Compute IT with Wayne Parkinson

Replacing your Computer
Eventually it will happen, your faithful old computer now needs to take a one way trip to the recycle centre. Now the fun starts, what do you replace it with?

First, you must clearly determine how you intend to use the new computer. If your needs are modest, then you don’t need a lot of computing power. However, if you intend to get deep into video editing, then you cannot overdo the power you purchase.

The computer is the last thing to decide on. Once you have figured out how you are going to use the new computer, this will indicate the programs required. Surfing on the internet, getting your email and perhaps getting photos off your camera are not going to stretch even the lowest powered computer.

Central Processing Unit (CPU)
These come in two main flavours; Intel and AMD. Each use their own way of identifying the capability of the CPU. Intel has i3, i5, and i7. AMD has A4, A6 and A8. Think of the lowest of each of these as a nice modern little Toyota car. It will get you to Auckland in comfort. The middle CPU is more like a Holden and will have a few more features and power. If pure grunt is what you need, get the Ferrari, the top CPU. Intel CPU’s tend to run cooler than the current AMD offerings, with the AMD costing a little less.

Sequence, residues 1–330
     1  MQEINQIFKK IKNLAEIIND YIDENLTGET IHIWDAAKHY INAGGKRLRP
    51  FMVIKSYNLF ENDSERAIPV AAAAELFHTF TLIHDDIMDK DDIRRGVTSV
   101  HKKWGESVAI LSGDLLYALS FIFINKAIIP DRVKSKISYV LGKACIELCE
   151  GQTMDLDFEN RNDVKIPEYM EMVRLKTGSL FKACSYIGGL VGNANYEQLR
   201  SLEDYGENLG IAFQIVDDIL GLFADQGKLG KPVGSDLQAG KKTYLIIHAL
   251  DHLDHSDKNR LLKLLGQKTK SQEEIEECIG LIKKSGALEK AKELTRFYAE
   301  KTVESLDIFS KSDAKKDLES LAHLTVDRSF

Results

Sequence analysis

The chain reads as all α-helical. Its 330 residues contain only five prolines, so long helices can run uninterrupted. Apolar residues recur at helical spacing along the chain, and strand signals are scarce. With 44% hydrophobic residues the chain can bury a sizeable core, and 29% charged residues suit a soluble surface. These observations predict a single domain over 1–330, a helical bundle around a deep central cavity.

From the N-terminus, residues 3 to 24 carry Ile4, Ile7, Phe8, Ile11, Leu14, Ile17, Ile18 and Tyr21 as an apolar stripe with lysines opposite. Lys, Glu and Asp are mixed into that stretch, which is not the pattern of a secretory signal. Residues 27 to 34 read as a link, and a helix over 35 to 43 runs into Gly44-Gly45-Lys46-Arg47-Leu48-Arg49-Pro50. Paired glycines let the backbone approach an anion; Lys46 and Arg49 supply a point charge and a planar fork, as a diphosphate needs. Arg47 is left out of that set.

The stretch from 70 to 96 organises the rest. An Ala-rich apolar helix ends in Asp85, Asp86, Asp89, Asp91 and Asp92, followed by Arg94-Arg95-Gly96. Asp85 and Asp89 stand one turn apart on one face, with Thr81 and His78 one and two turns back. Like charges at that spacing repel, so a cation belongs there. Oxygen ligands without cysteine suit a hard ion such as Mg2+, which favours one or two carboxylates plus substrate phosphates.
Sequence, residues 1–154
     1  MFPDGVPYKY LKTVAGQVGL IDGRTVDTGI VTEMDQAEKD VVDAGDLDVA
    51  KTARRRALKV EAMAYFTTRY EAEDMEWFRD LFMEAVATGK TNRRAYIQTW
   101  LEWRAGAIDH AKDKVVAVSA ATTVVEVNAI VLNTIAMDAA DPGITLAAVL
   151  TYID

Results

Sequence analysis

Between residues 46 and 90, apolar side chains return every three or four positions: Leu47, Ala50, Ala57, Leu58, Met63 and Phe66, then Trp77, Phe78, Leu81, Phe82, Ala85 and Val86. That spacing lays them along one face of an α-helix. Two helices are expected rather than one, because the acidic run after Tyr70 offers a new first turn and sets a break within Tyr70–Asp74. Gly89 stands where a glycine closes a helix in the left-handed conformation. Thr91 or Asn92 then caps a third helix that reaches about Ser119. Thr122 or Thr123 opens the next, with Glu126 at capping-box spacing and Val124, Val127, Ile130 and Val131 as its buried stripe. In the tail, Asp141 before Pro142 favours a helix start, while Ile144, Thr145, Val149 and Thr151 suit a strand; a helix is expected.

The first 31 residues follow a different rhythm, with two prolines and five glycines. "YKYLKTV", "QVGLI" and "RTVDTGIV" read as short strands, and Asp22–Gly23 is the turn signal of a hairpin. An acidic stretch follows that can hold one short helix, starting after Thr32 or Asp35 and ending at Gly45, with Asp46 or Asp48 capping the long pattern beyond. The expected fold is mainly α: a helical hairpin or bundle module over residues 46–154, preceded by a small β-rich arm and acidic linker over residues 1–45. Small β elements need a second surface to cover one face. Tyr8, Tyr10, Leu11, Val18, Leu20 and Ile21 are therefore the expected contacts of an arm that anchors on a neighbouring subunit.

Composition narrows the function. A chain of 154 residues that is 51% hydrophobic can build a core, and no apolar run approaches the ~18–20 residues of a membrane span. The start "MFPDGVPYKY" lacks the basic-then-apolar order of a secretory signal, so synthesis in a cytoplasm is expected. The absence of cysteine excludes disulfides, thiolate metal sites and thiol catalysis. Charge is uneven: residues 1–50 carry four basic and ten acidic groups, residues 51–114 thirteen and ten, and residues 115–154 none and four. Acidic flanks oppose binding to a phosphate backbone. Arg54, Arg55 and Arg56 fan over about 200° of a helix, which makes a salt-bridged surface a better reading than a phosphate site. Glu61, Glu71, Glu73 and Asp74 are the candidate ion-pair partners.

There are three main “categories” of computers to consider.

Desktops in the main require the smallest budget. You probably still have a good screen, keyboard and mouse that will happily connect to the new desktop. It’s the one requiring the most desk space, but has the longest life expectancy. A desktop has a lot of air space in it and can dissipate the normal heat generated in a computer fairly well. Desktops can often be configured at purchase time to suit your needs and then later have addition items added inside them, like more memory or a second hard disk.

Laptops are great if you need to move the computer, like into the lounge in the colder winter months or with you on a trip. You should take care in determining the configuration of a laptop as it can be difficult and expensive to alter later.

All in Ones are like a monitor with the working parts of a laptop tidily attached at the back. These are handy if desk space is an issue but you still want a nice sized screen. It’s a cross between a desktop (cannot be moved) and a laptop (configure carefully), with advantages and disadvantages of the other two.

If you need help with this, or would just like to chat about your options, give me a call at 345-6098. To find out more about this, follow this link:

Abingdon Computing Essentials – www.abingdon.co.nz
Phone – 345-6098
Contact Wayne for all your virus and computer fixes or training needs

Evening Computer Classes
Check out the upcoming sessions for the remainder of the year listed in this issue.